MILEPOSTS Garage - The Online Classic Car Magazine
Everything from Hood Ornaments to Tail Lamps When you properly diagnose and repair vacuum leaks, you get the benefits of:

- A smoother running engine
- Better acceleration and performance
- Improved fuel economy
- Vacuum systems that work as designed
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Vol. 4, No. 8
September 19, 2008

Diagnose and Repair Vacuum Leaks (Part Two)
by Sam Richards
Automotive Mileposts

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Image: Troubleshooting/Tech Tips Series

(This is a continuation of Vacuum Leaks article.)

The easiest way to determine if your vacuum system might be causing a performance or other problem is to disconnect it. Locate the vacuum connection that feeds all the vacuum lines and disconnect it. Be sure to cap off the port on the manifold or carburetor so it doesn't leak, and please use real vacuum caps for this, not a piece of vacuum hose with a screw in it or a wad of chewing gum or something, OK? That doesn't really provide a good seal. Don't forget to plug any vacuum going to the power brake booster, as it can certainly leak just like any other vacuum component can.

Once you're certain all vacuum has been disconnected, check to see if the rough idle, hesitation, or overheating has been resolved. If it has, you can be certain there's a large enough vacuum leak to cause the air/fuel mixture to be off. Now, the problem is to find exactly where the leak is located, and the best way to do this is by process of elimination.

Start with the brake booster. Connect vacuum to it again and see if the problem returns. If so, send it out for a rebuild. Often bad brake boosters will be easy to identify because the engine will idle rougher when the brake is applied, and smooth out somewhat when the brakes are released. This is not always the case, but frequently it is. Once the booster has either been eliminated as a suspect, or the line has been capped off again if bad, go to the main vacuum connection that you plugged off and reconnect the vacuum system. Is the engine running better now? You may have just found your biggest vacuum leak, but there could still be others, which you can locate by isolating individual vacuum components to determine if they are operating as designed.

There are a couple of things you're going to need to perform these tests:

1. Vacuum pump with gauge (hand operated)
2. Assortment of various sizes of vacuum caps
3. Vacuum gauge (separate from the pump)
4. Supply of 1/8", 3/16", 1/4", 1/2," and 3/8" (internal diameter) rubber vacuum tubing*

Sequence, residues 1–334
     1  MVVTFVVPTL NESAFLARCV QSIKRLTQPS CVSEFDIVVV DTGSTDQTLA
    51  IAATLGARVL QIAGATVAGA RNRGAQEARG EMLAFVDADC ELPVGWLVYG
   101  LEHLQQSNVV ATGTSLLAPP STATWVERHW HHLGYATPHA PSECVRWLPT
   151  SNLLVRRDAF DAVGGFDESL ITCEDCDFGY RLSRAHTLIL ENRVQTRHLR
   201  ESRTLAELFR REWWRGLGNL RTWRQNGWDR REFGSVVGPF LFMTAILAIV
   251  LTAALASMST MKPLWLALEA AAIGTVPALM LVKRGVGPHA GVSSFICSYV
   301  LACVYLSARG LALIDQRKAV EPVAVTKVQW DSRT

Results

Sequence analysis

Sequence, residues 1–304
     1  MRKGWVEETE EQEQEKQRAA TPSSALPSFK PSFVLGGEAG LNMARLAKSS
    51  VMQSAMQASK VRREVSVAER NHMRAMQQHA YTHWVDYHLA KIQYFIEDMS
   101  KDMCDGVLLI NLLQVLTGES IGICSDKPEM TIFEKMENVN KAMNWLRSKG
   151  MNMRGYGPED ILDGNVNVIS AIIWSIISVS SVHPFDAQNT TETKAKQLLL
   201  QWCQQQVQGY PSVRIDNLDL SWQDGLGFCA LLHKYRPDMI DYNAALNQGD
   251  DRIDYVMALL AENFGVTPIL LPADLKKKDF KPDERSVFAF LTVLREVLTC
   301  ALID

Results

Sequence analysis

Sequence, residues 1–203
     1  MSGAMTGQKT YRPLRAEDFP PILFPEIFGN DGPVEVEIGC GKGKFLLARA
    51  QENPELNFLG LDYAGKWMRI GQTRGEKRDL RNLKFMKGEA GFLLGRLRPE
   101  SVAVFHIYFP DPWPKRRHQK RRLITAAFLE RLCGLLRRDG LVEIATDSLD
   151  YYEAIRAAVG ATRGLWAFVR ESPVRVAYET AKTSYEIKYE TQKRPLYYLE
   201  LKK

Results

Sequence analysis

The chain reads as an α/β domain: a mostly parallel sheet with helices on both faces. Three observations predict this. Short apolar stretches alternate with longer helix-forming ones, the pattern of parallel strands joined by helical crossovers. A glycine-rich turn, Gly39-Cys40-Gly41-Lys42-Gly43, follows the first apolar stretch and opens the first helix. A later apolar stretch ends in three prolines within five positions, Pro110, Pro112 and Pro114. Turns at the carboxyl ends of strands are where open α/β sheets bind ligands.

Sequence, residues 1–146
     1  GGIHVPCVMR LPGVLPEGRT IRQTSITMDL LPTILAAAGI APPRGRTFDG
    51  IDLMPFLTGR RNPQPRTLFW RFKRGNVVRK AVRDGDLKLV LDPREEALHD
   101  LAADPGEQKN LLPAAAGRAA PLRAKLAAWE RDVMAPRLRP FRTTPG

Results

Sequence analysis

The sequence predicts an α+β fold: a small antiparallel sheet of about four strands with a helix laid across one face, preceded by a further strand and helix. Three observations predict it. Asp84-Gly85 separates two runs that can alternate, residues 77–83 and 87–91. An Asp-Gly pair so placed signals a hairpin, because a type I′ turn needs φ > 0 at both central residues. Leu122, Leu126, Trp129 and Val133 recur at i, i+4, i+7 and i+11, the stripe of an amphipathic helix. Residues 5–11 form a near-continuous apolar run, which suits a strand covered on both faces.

5. Factory vacuum diagrams (sometimes included in shop manuals)

*Keep in mind you may not need any vacuum tubing at all, but the most popular sizes are listed.

The hand held vacuum pump (like a MityVac brake bleeder) will help you troubleshoot most of the system. For larger reservoirs (like the headlight cover reservoir), you'll need a vacuum gauge that can be placed inline so you can let your powerful engine pump things up for you. You just need something with a gauge on it so you can readily see if there's a leak in the component you're testing. Before you get started, test your vacuum pump itself to make sure it will hold vacuum. Just cap it off, pump it up to 18 psi, and lay it down for 5 minutes. The needle shouldn't move at all during this time. If it does, either your pump has an internal leak or you have a bad cap.

With a good vacuum pump, you'll want to isolate each vacuum component in the system to identify any leaks. Start with the vacuum reservoirs. For large ones, like the headlight cover reservoir, you'll need to use a separate vacuum gauge so you can allow the engine to pump up the reservoir for you. Ford's written policy on normal vacuum leak down rates was no visible loss of vacuum indicated on the gauge for a period of one minute. That's it, just one minute. And this applies to individual components, not the entire vacuum system tested at one time. In theory, vacuum components should hold vacuum much longer, and remember that some of them, like spring loaded door or vent motors, will use some vacuum constantly to maintain the position of the door or vent, which makes them more difficult to test.